DOD FX-17 Technical Info

Created 9/25/05
Last updated 11/27/09
By Paul Marossy



I bought one of these DOD FX-17 wah/volume pedals from an individual selling one on ebay. One of the main reasons I wanted one of these was because it was compact, but more importantly, because it does not have a pot that can wear out and get scratchy. The circuit employed is rather unique and I think different enough to warrant this technical write up on it.

First of all, these pedals are no longer offered by DOD, but they do offer support in the way of an online instruction manual available at their website. As a volume pedal, it works very well. I like the sweep and it is very quiet - no hissing noise to be heard. It does send a strong signal to your amp, stronger than a passive volume pedal. As a wah pedal, it has a rather unique sound to it. It does not use an inductor like the CryBaby, but is more like a circuit that you would see in a Morley wah pedal. The way a wah sounds to a guitarist is highly subjective, so I will leave it at that. As a wah pedal, I think it sounds fine. Not quite as nice as my Maestro Boomerang clone, but more like my Colorsound inductorless wah clone. In addition to being a wah/volume pedal, it also can be a 0 to +5V controller for use with a synthesizer or other devices. I don't fully understand how this circuit works, but the schematic linked below should satisfy the curious. I have also included a link below that gives a rough description of how the circuit works.

This is a very heavy duty pedal, and it is fairly heavy for a small pedal - it weighs in at about 1.5 lbs. The material of the casing appears to be brass, but I am not real sure about that. Overall size is 5"x3"x2" high.

Here is a peek under the hood. This cover is held on by four screws, two on each side. Notice the two holes for adjusting internal trimpots. More on that later...

Here is the foot paddle removed. It is fastened to the bottom half by a rod with retaining clips at each end. Notice the switch for the wah pedal at lower right of the bottom half. In wah mode, the footswitch is at the heel down position - the opposite of most wah pedals. The battery compartment is in the area below this footswitch.

This wire grounds the foot paddle and that U-shaped piece of steel which is one of the keys to how this pedal works.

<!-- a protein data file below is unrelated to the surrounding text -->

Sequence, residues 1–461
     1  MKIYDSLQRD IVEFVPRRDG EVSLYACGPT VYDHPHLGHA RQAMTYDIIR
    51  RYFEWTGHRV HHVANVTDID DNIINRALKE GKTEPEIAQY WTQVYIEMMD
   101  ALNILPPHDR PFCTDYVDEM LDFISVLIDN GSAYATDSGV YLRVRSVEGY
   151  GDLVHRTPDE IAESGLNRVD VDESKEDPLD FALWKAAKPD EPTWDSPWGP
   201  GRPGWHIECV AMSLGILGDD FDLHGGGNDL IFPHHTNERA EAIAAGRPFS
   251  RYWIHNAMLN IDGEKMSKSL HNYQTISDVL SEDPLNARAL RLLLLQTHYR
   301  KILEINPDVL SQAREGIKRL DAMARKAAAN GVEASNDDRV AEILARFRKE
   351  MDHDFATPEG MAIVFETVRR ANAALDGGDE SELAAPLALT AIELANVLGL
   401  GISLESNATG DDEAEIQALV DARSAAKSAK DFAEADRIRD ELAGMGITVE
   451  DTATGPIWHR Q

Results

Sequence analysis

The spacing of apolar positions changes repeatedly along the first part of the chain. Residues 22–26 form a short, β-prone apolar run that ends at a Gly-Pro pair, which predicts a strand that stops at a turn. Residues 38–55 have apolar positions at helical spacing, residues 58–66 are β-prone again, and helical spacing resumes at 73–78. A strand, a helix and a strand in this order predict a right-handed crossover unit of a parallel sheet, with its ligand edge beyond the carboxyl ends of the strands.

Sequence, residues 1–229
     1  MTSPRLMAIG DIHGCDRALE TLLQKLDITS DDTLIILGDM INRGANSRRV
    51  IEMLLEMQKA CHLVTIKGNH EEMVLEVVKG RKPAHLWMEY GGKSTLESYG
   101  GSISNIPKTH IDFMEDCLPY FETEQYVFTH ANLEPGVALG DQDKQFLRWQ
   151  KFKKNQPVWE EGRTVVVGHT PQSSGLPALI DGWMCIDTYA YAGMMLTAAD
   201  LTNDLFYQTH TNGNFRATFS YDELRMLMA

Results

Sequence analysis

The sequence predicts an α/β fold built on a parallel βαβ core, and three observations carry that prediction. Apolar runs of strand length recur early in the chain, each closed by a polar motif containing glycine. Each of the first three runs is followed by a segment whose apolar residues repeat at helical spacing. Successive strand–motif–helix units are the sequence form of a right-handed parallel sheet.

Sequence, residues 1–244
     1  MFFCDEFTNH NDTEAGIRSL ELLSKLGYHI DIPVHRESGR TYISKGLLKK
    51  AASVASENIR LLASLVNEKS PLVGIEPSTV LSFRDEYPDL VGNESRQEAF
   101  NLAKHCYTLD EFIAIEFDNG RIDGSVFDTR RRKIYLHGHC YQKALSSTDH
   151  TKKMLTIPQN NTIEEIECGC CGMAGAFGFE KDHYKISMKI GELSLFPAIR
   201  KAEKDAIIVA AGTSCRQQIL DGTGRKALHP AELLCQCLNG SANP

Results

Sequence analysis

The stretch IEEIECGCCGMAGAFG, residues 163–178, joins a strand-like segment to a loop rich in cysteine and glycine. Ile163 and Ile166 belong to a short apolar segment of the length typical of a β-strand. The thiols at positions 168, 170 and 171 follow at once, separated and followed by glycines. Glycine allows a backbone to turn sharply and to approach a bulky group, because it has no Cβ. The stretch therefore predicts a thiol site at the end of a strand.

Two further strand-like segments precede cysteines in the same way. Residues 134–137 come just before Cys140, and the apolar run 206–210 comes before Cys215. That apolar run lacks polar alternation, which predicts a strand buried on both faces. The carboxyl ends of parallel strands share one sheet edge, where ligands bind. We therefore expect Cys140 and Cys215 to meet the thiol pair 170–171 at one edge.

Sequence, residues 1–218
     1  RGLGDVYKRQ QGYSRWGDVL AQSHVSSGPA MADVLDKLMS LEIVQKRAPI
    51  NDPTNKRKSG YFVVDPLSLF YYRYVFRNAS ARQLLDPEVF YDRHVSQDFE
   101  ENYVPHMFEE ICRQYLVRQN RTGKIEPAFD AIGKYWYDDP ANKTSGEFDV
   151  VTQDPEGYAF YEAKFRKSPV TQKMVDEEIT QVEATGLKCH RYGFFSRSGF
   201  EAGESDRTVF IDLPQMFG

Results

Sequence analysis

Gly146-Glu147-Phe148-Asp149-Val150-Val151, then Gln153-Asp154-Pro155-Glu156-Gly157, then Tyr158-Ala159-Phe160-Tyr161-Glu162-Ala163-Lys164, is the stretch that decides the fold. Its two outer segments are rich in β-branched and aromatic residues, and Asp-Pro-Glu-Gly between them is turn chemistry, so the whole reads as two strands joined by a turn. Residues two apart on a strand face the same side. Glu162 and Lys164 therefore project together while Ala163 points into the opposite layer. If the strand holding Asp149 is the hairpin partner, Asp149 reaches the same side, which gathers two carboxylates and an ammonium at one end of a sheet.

This is the PCB. For IC chips, there is a pair of 4007s, a 13600, a LM358 dual opamp and a LM3080 OTA (Operational Transconductance Amplifier). The blue assembly at the bottom of the picture is the wah/volume switch. The side mounted PCB contains the other key part of what makes this pedal work. The felt pad opposite of this PCB provides some resistance to enable the foot paddle to stay where you put it. At far right there are two trimpots which are some user adjustable controls. More on that below.

This is a close up of the plastic that is sandwiched between the U-shaped piece on the foot paddle and the side mounted PCB. The dark area gives you an idea of the shape of the unetched area of the PCB that lies underneath. The material appears to be Mylar and it looks to be about 2 mils thick.

And here it is, the key to how this pedal works. When the pedal is assembled, that U-shaped piece attached to the foot paddle, the side mounted PCB and that piece of Mylar form a variable capacitor, the Mylar being the dielectric. The position of the foot paddle determines how big that capacitor looks to the rest of the circuit in wah mode.

This is the main PCB removed from the enclosure. It's a single sided board.

This is the secondary PCB which makes up part of the variable capacitor. It's connected to the main PCB with three wires and a connector.

With some illumination from the back, you can better see the shape of the unetched part of the PCB that comprises part of the variable capacitor assembly.

There are two holes in the cover to enable adjustment of the internal trimpots. The one on the right controls the minimum/maximum volume level and the one the left adjusts the wah sweep.

This is the right side. The input jack and DC power jack are on this side, as well as the wah/volume switch.

And this is the left side. The output jack and the jack for the 0 to +5 volt jack can be found here.

If you're looking for a good active volume pedal, I would recommend that you give this one a try. As a wah pedal, it has a distinctive sound, which may or may not be what you're looking for. I personally don't see myself ever getting rid of this pedal unless it dies in service or something.

DOD FX-17 Schematic

How the DOD FX-17 Works

Some Mods for the DOD FX-17

Troubleshooting & Repairing the DOD FX-17

DOD FX-17 Instruction Manual